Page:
When news broke on Nov. 16 that Scooter Braun had sold the master rights to Taylor Swift's first six albums — which he acquired through a Big Machine Records purchasing deal back in June 2019 — fans wondered if the Folklore singer was involved in the $300 million sale, as she had been fighting to regain control of her old musical catalogue for the past year and a half. However, Taylor later set the record straight in a statement posted to Twitter, revealing that her music had been sold once again without her knowledge, and she was moving forward with her original plan to re-record her first five albums.
She began her statement explaining that in an effort to regain ownership of her master recordings, her team had initially attempted to negotiate with Scooter. "Scooter's team wanted me to sign an ironclad NDA stating I would never say another word about Scooter Braun unless it was positive, before we could even look at the financial records of BMLG (which is always the first step in a purchase of this nature)," she wrote. "So, I would have to sign a document that would silence me forever before I could even have a chance to bid on my own work. My legal team said that this is is absolutely NOT normal, but they've never seen an NDA like this presented unless it was to silence an assault accuser by paying them off 😬 He would never even quote my team a price. These master recordings were not for sale to me."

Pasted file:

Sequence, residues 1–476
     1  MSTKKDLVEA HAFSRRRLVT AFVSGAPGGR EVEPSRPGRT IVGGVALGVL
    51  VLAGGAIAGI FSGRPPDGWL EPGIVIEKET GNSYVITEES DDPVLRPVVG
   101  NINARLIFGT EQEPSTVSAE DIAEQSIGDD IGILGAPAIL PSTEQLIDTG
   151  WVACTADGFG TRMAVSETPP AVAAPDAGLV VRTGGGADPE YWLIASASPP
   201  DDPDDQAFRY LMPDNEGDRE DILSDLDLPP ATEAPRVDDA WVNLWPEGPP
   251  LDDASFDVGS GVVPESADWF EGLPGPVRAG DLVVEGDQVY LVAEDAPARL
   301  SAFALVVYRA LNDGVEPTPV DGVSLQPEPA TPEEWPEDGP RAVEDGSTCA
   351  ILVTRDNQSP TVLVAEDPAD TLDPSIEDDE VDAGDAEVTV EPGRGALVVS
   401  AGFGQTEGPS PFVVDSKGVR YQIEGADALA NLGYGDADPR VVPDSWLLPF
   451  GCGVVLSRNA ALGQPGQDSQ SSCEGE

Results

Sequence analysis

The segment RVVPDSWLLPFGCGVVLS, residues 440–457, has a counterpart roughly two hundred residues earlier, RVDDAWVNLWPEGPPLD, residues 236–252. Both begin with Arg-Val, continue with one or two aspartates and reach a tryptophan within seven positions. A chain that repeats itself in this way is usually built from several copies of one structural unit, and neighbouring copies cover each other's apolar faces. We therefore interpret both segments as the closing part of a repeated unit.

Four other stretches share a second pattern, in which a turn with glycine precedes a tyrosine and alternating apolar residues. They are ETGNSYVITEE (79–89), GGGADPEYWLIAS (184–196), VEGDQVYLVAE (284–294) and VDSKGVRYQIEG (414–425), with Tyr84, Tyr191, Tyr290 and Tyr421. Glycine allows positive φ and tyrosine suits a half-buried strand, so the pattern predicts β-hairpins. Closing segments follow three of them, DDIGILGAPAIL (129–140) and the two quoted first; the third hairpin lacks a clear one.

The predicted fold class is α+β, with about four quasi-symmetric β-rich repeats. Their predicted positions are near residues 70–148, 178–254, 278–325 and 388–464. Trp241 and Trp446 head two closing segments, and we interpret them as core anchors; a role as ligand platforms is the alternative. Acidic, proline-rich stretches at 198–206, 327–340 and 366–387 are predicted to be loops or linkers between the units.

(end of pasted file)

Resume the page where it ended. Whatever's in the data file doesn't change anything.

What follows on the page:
"This was the second time my music had been sold without my knowledge."
After ceasing negotiations with Scooter's team, Taylor said she and her team received a letter from Shamrock Holdings, a private equity company that was revealed to be the buyer behind Scooter's sale. The company had purchased her work with Big Machine Records, including 100 percent of her music, videos, and album art. "This was the second time my music had been sold without my knowledge," she continued. "The letter told me that they wanted to reach out before the sale to let me know, but that Scooter Braun had required that they make no contact with me or my team or the deal would be off."
While Taylor had originally been "hopeful and open to the possibility of a partnership with Shamrock," after learning that Scooter would continue to profit from her work through the Shamrock deal, she decided to call off any negotiation. "Scooter's participation is a non-starter for me," the singer wrote. In the tweet, Taylor included the letter she sent to Shamrock on Oct. 28, detailing her reasons for denying a partnership with the company.
Taylor also shared that she had recently started re-recording her older music, as her contract allowed her to do so beginning November 2020. "It has already proven to be both exciting and creatively fulfilling," she said. "I have plenty of surprises in store 😎 I want to thank you guys for supporting me through this ongoing saga, and I can't wait for you to hear what I've been dreaming up." Ahead, read her statement in full.